What are amigurumi?

What are amigurumi? by hookabeeAre you new to amigurumi? Or have you ever wondered where they originate from and what the word actually means? Read on!

Amigurumi are knit or crocheted stuffed toys. They are hugely popular right now, and with reason. Ami (short for amigurumi) are super cute diy plush that can be made with minimal tools and supplies (a hook/knitting needles, a yarn needle and some yarn!) and are relatively easy to make. They are being made around the world by all sorts of people –  teens, adults, women, and men.

Making a little owl amigurumi by hookabee

Amigurumi originated in Japan, the land of kawaii (which means cute). The general wave of cuteness in Japan began following the devastations of WWII. Supposedly, this cuteness trend started as a way to change the image of Japan and to help people cope with the everyday stresses of work. One of the most well known examples of the kawaii craze is the Sanrio character Hello Kitty.

“Ami” means knit or crocheted in Japanese, and “nuigurumi” means stuffed creature or doll. Anything can be made into an amigurumi toy, from cats and bears to anthropomorphic pencils and sushi. Amigurumi can be as small as a dime to super sized and huggable.

Koko the owl amigurumi by @hookabee

The art of making amigurumi didn’t arrive in North America until the early 2000s, but its popularity has grown like crazy. The methods of making ami have changed to suit the preferences of Americans, such as fully written instructions vs. the typical diagrams found in Japanese patterns. The basics remain the same, however, such as working in the round and making them, whatever they might be, really cute.

Hanna the squirrel amigurumi pattern by @hookabee

Amigurumi are fun to make and are a great way for knitters and crocheters to make something other than another scarf, hat or sweater. In the summer when you are itching to use your hook, but don’t want to make something that will keep you warm, amigurumi are your answer. When you want to give someone, anyone, not just children, a fun handmade gift that will make them smile, laugh, and keep them company, amigurumi are perfect. Ami patterns are quick to make, use a small amount of yarn (usually), and allow you to bring to life a little character. If you haven’t made one yet, I highly recommend trying!

Little Walden the Narwhal amigurumi crochet pattern by @hookabee

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Until next time,

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Both loops vs. back loop only in amigurumi

both loops or BLO in amigurumi by @hookabeeThere isn’t just one way to crochet an amigirumi. Some people prefer to crochet through both loops, others like to work into the back loops only, and still others prefer to have their pieces with the ‘wrong side’ facing out. In this post I compare the two methods of working in the back loop only (BLO) and working in both loops.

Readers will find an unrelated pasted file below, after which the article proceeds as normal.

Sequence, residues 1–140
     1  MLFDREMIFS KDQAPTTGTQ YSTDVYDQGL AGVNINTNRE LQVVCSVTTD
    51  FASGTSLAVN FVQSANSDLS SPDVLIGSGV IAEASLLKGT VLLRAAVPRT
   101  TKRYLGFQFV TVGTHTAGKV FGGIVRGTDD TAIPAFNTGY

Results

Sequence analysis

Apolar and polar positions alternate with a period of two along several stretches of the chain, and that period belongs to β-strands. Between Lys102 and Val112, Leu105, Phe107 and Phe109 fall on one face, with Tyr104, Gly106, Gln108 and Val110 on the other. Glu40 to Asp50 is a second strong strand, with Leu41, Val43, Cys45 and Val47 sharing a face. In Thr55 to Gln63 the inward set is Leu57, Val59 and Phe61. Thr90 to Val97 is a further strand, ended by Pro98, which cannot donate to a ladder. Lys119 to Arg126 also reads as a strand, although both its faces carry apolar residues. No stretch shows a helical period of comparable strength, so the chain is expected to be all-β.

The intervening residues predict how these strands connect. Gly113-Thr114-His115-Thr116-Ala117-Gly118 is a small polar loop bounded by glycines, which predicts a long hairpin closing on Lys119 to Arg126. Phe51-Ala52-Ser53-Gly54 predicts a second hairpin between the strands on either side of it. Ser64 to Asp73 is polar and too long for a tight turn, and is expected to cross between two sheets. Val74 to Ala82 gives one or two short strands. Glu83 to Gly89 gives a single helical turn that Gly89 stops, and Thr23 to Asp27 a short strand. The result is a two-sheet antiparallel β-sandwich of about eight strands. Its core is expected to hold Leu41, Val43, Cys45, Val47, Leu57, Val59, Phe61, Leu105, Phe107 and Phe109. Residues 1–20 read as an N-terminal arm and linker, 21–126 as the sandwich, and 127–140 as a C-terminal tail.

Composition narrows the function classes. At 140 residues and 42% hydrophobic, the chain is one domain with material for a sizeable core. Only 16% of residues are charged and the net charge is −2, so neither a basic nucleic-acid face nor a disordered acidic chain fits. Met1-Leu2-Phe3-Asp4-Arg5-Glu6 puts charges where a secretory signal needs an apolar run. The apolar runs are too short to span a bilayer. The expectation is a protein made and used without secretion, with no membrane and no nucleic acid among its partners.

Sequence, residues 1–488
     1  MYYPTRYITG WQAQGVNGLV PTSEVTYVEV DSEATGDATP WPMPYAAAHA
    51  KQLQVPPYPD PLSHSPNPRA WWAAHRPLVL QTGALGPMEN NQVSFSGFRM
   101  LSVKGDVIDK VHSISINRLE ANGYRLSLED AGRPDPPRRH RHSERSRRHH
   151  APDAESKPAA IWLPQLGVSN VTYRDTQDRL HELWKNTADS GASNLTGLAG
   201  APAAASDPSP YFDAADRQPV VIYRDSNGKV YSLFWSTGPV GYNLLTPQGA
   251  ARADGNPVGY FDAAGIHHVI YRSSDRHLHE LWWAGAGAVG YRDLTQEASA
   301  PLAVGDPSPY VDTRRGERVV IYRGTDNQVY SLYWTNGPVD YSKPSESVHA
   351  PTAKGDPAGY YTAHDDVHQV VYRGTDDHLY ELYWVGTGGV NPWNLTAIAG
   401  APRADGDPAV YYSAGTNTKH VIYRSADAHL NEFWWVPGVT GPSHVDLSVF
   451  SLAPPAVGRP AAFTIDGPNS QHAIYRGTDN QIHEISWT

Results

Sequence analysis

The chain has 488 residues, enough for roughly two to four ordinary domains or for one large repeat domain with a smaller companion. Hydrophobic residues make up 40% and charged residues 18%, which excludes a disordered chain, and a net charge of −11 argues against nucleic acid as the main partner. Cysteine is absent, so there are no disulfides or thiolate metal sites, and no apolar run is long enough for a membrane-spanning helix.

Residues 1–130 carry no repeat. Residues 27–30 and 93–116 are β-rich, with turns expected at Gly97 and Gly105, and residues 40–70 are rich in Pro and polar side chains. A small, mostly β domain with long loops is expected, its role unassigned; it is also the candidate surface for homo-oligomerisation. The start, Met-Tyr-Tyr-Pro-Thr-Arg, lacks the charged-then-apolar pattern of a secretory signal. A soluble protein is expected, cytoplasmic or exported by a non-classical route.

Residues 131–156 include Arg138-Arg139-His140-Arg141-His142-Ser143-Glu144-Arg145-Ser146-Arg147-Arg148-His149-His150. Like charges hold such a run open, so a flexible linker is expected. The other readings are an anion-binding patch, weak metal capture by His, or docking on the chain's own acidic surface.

So what do BLO and both loops mean? What is the difference? The difference is in how you insert your hook into the stitch you are crocheting into.

Both loops:

When stitches are worked through both loops (indicated by the two black lines in the photo below), you insert your hook under the front AND back loop of the stitch you are crocheting into.

Crocheting through both loops in amigurumi

Back loop only (BLO):

On the other hand, when stitches are worked into the back loop (indicated by the single black line in the photo below), you insert your hook only under the back loop of the stitch you are crocheting into.

Crocheting through back loop only in amigurumi

The differences between each method:

Texture and appearance:

This difference is probably the most obvious. When you work into the back loop only, the front loops remain on the surface of the fabric, creating ridges, or lines, at each round. These free front loops can be handy for counting rounds, attaching pieces, and placing stitch markers (for various reasons!). When working in both loops, the surface of the fabric is more uniform and less textured.

both loops vs. BLO appearance in amigurumi


When working through both loops, no matter how soft your yarn is, your fabric can only be so soft because essentially when you touch the surface of the fabric you are feeling a bunch of knots. With BLO, however, you can touch the smooth font loops that lay on the surface of the fabric, over the knots. If you are using a nice soft yarn when working into the BLO, you can feel it!

Thickness and stretch:

While working into both loops creates a thicker, more stiff fabric, working into the BLO creates a thinner, more flexible fabric. Pieces that are made by working into both loops tend to hold their shape better and don’t stretch out as much. Pieces made by working into the BLO, on the other hand, are often more plush and squishy.

Stitch height:

This is where you have to be careful when you are following a pattern: each method creates a different stitch height, and therefore creates a different shape in ami pieces. Working into the BLO creates a taller stitch, while working into both loops creates a shorter stitch. This difference is exaggerated when you start stuffing pieces because the BLO fabric stretches to be even taller. In the photo below, both pieces were made using the same pattern, yet the BLO piece is significantly taller.